One can learn great amounts of Torah in Chutz LaAretz, and even become a tremendous Talmid Chacham (Torah scholar).  However, one can attain the ultimate level of closeness to HaShem – experiencing the Divine Presence, which intrinsically comes along with Torah study – only in God’s Chosen Land.  And this spiritual benefit is what enlightens a person to better understand HaShem’s Torah in Eretz Yisrael.

How should all of this affect those of us who do not yet live in the Holy Land?  I will let R. Ovadyah Yosef answer this question, because I could not have said it better:

Truthfully, the main consideration that must push our brethren in the Diaspora to emigrate and settle in Eretz Yisrael is the fact that, in our generation, the Holy Land has become an enormous center for the Holy Torah, both quantitatively and qualitatively… True, the United States also has Torah centers, but unfortunately and mournfully, for every soul that they save, ten are lost and assimilated.  Their entire spiritual existence is like someone who builds a magnificent palace on ice: when the sun gets hot, it melts away… (Torah SheBe’al Peh 11)


Additional References

Ø God blessed the seventh day and sanctified it… (2:3).

  1. Yehudah HaLevi writes in Sefer HaKuzari (2:20) that although the world consists of varying time zones, the Sabbath truly begins when the sun sets in Eretz Yisrael. The reason for this is based on the Midrash which states that God brought Adam HaRishon (Original Man) into Eretz Yisrael right at the beginning of the Sabbath (Pirkei DeRebbe Eliezer 20).  And since Adam was the first one to give names to the days (including Shabbat), their qualities follow those of the place where they were inaugurated.  The Kuzari concludes:

Thus, knowledge of “The Sabbaths of the Lord” (cf. VaYikra 23:38) and “The Festivals of the Lord” (ibid. 23:2) depends upon the Land that is called “The inheritance of the Lord” (I Shmuel 26:19).  This Land is also called “His Holy Mountain” (Tehillim 99:9), “His Footstool” (ibid. 99:5), and “The Gate of Heaven” (BeReishit 28:17).  This is the meaning of For out of Zion the Torah will go forth (Yeshayah 2:3).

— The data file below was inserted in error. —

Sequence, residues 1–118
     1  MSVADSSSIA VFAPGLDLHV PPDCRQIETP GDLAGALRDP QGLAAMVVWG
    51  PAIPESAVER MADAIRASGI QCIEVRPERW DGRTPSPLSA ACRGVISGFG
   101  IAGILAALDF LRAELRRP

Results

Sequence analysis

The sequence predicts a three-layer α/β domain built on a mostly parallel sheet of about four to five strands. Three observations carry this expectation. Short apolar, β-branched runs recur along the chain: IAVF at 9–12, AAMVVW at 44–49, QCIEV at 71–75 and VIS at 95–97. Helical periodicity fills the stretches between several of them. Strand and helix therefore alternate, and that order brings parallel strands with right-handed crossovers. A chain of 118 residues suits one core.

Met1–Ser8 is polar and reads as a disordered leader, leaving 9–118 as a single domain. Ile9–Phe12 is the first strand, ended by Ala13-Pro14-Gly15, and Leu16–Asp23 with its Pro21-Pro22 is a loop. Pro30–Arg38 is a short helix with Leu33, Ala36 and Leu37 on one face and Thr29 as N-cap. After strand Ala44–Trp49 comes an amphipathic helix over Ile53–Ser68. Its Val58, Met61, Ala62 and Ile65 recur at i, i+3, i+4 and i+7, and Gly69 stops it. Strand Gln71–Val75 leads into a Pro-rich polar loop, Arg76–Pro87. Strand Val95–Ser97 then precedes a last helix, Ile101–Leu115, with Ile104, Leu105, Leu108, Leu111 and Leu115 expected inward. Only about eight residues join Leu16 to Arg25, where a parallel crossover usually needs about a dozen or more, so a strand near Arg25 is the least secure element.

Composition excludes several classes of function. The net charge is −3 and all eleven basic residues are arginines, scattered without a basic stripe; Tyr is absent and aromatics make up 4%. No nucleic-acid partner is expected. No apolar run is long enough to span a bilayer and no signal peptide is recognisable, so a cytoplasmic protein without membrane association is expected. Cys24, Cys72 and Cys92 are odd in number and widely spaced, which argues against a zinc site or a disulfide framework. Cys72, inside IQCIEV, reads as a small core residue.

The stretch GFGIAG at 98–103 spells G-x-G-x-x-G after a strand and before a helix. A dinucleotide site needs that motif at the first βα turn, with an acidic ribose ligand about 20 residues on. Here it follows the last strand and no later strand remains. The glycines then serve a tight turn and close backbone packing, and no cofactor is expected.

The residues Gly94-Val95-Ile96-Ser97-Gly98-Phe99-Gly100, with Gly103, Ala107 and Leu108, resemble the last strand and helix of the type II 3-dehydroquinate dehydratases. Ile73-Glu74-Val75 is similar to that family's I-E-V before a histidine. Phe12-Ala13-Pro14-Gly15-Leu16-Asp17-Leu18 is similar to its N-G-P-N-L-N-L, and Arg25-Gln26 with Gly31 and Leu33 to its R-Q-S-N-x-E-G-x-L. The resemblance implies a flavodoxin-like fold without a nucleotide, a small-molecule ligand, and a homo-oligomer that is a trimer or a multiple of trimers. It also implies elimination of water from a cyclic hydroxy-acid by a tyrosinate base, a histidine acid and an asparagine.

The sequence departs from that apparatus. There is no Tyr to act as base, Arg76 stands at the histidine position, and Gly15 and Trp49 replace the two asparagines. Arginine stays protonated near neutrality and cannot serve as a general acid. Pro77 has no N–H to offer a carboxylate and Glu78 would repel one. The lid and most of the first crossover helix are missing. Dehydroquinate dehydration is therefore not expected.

Ø Kayin spoke with his brother Hevel; and it came to pass, when they were in the field, that Kayin rose up against his brother Hevel and killed him (4:8).

The original argument and jealousy between Hevel and Kayin was over this Land.  They wanted to know which of the two would be accepted [by God] to take Adam’s place [and serve] as his “treasure” and as His “kernel.”  Consequently, [that son] would inherit the Land and cling to God, while his brother would merely be like a shell [which surrounds the kernel].  Then, the incident took place; Hevel was killed and the kingdom was left barren, as it says, Kayin went out from before the Lord (4:16).  That is to say, [he left] that Land, as Kayin says, Behold, You have banished me this day from the face of the earth, and I shall be hidden from Your presence (4:13)…  When Sheit was born in the likeness of Adam… he took Hevel’s place… and became fitting to be called, “Son of God,” a name by which Adam was called.  [He thus] became fitting to inherit that Land, which is but one level below the Garden of Eden.  (Kuzari 2:14)